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Caregivers Outnumber Patients in Online Medical Communities


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Caregivers Outnumber Patients in Online Medical Communities: Thoughts on Why?

http://blog.lungevity.org/2011/07/28/ca ... -patients/

July 28th, 2011 - by Dr. Jack West

At one of the ASCO meeetings a few years ago, the folks who developed a Dutch educational website about lung cancer called longkanker.info, described their growing experience of serving the community of patients and caregivers with lung cancer (and while I suspect that it’s a good site, though I can’t read any of it since it’s in Dutch, so I can’t really recommend it). They reviewed their growing numbers of people in the Netherlands they were reaching, as well as how they were working to publicize it through local oncologists’ offices, but they also described their audience, which was disproportionately women more than men, and more caregivers than actual patients with lung cancer (both about 2/3 vs. 1/3, not an overwhelming majority). Moreover, the Pew Internet & American Life Project has also seen the same trends.

I don’t believe that LUNGevity keeps those records, but I think the same trends hold up here from what I’ve seen. That women are more likely to seek health care and information (and road directions) than men is a very consistent finding. But I’m particularly interested in the question of why caregivers outnumber patients in online medical communities, and perhaps especially those focusing on cancer.

Probably the leading speculated explanation is that caregivers review the information, including some that is likely to be unwelcome to think about for the actual patient, and then filter what is conveyed to the patient who may want to know only a fraction of what could be shared. Because there are plenty of statistics and projections that appear in our posts here, and many of these stats are less than festive, I could easily envision that many patients are not eager to read the details in posts or see and hear the details in podcasts that could be downright discouraging.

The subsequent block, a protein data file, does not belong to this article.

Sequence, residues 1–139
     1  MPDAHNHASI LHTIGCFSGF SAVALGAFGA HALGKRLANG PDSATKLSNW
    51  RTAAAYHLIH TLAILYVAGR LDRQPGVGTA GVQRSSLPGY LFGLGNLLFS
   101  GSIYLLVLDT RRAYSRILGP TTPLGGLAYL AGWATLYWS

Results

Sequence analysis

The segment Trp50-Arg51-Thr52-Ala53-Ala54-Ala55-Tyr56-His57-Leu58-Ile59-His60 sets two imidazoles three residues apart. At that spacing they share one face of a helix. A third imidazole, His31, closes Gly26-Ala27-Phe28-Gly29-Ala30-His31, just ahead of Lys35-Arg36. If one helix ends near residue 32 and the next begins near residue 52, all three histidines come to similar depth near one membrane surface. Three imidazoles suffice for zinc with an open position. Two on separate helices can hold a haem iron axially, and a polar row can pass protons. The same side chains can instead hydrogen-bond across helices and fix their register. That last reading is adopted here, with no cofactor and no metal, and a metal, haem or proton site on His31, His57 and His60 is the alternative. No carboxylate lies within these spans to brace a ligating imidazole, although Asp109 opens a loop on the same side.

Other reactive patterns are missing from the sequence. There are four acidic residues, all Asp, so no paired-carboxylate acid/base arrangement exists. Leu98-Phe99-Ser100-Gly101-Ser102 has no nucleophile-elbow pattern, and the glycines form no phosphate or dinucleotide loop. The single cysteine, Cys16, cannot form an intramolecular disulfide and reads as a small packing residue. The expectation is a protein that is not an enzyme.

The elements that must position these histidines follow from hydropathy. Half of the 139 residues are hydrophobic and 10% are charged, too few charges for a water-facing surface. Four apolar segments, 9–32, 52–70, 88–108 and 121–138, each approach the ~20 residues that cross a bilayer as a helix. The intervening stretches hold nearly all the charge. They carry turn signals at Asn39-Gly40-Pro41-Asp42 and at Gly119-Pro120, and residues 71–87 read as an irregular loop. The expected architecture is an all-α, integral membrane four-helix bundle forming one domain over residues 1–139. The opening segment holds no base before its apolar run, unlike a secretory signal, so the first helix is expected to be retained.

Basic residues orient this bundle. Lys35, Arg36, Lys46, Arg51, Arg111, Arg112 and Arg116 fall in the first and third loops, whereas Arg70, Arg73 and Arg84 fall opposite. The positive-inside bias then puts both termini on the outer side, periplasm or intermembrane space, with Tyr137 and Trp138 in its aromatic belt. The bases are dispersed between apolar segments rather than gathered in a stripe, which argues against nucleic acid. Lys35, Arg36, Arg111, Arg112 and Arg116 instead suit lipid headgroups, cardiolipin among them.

One other reason I could foresee caregivers being particularly drawn to cancer education and support sites is that they can provide an opportunity to do something constructive at a time when cancer can be so humbling in terms as an all too uncontrollable situation.

Finally, I know that for at least some patients, they may be too ill to focus on attending and participating in a website community, and/or that they feel that they’re already spending too much of their lives dealing with cancer in terms of visits, treatments, etc.

I’d be very interested to know from the caretakers if they have insights as to why their relative or friend who is the patient isn’t inclined to seek out information directly: is it helpful to filter what you learn? Is it just that one person takes the wheel and starts to drive, so the rest of the group is comfortable relying on having the path guided by one reliable and knowledgeable person? For the patients who are seeking the information themselves, is this out of necessity because no other person has stepped in? Would you want to have access to all of the information yourself even with others trying to seek information on your behalf? And is there information you find, here or elsewhere, that you’d be happier to have not encountered?

Online patient and caregiver communities are changing the complexion of health care quickly; I wonder if there are ways to improve the experience here and at GRACE more for people. I’m eager to get your thoughts.

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